His craving to not only kidnap, but to acquire Miranda is explicitly demonstrated, when he says, ‘she was mine’. He then goes on to explain how he suppressed her in a matter of fact way, listing his pre-planned actions. Fowles’ has achieved this by using sequential words, ‘first, then’. The short sentences broken up by commas, creates the effect of Clegg sounding very animated, which combined with the chronological language results almost in him sounding like a frantic child speaking quickly. Fowles creates a more realistic insane character by making Clegg say the ompletely wrong things, in the wrong way at a very wrong time. ‘She was dead. Well I shut her mouth and got the eyelids down. I didn’t know what to do then, I went and made myself a cup of tea. ” Page 274 This horrific moment is described in a matter-of-fact way and then suddenly linked with an everyday activity, a sure sign of insanity. His language and his reaction show no emotion, especially for the significance of this event. For someone whom he apparently loved and wanted to wed he manages to take the news very well.

The readers response to this is probably to assume he is in a lot of need of psychiatric help. Both authors present insanity along side reality. In The Wasp Factory, it is hard for Frank to socialize, and as a result he has created his own reality in his secluded island, complete with his own rules and religion. Whereas Clegg seems to live in a world where it is acceptable to kidnap and imprison women of his fancy. A technique Fowles has used to blur the lines of reality is the fact that Clegg’s speech is never speech marked.

This runs throughout the book making it difficult for the reader to distinguish his thoughts and his words, in effect this could mirror the difficulty Clegg has distinguishing what he is actually saying and what’s in his imagination. “That’s the last time I leave you alone for so long, I said. I can’t trust you any more. ” Page 72 It is hard to tell if Clegg converses the last sentence aloud, or if it is just another mental note. Miranda’s opinion of Clegg is fully revealed in her diary. Fowles has provided the reader with another viewpoint, which is an effective technique as it allows Clegg to be examined in more detail.

Although sympathetic at first, Miranda soon learns that Clegg is impervious to empathy and cannot develop anymore personally, hence her hatred develops further into the novel. “The pity Shakespeare feels for his Caliban, I feel (beneath the hate and disgust) for my Caliban. Half-creatures. ” Page 245 Miranda has linked Clegg with ‘Caliban’ a monsterous figure from the ’The Tempest’ who is often, in critical theory, referred to as a manifestation of the Id; a character ruled primarily by instincts without regard for social constraints.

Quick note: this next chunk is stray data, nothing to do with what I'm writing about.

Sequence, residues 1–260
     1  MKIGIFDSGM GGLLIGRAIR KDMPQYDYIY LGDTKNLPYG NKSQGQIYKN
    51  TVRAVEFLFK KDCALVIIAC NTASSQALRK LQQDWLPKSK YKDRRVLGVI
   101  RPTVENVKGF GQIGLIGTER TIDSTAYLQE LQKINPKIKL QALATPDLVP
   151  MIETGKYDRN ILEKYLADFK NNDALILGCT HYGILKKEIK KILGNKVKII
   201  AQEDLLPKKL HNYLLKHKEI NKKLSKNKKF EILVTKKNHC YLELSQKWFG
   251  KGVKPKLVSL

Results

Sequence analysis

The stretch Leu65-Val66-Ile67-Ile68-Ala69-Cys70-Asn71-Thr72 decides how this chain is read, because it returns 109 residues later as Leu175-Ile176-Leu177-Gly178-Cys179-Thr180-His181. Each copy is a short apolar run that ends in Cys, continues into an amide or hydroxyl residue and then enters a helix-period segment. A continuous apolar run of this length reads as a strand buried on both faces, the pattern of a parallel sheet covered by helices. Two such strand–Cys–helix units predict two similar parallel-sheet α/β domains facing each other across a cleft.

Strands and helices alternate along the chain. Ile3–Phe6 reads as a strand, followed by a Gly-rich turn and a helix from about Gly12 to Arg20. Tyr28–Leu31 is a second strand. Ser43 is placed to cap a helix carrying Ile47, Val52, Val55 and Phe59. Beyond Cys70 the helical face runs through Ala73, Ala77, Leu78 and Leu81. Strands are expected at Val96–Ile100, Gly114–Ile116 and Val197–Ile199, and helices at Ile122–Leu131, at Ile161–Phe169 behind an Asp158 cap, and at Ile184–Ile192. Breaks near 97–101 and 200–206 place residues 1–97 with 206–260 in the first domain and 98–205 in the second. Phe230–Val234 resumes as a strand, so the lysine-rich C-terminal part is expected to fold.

A character therefore in our modern society who would be labelled as psychopathic or insane. Miranda obviously shows a lot of contempt towards Clegg due to this nickname and her default emotions, ‘hate and disgust’, yet she seems somewhat sorry of him, ‘my Caliban’ suggests this. The reader like Miranda is enticed to pity him as Fowles has presented him as having a troubled childhood. The Wasp Factory’s gruesome depictions of death and crude language were extreme for the times in which it was released, thus the book has received a variety of differing criticisms.

Some critics believe the book to be groundbreaking, whilst others deeming it only to be crass. However, the book did later appear in the Independents Top 100 Books of the 20th Century even though it received heavy criticisms when it was first published. “The Wasp Factory soars to a level of mediocrity. Maybe the crassly explicit language, the obscenity of the plot, were thought to strike an agreeably avant-garde note. Perhaps it is all a joke, meant to fool literary London into respect for rubbish” The Times

The Times, however is particularly harsh, noting if it is a forward thinking novel it is of such poor quality, it may actually be a farce to fool readers. It is no surprise that The Times condemn the ‘crassly explicit language’, as their target audience are upper middle class conservatives, but they fail to contemplate that the crass language may be necessary to show how unstructured and twisted insane people are along with the attempt by Banks to reveal the mind of a emotionally fragile teenager. “You little bastard—Aargh! Fuck! Shit. Come back, you little—“ Page 131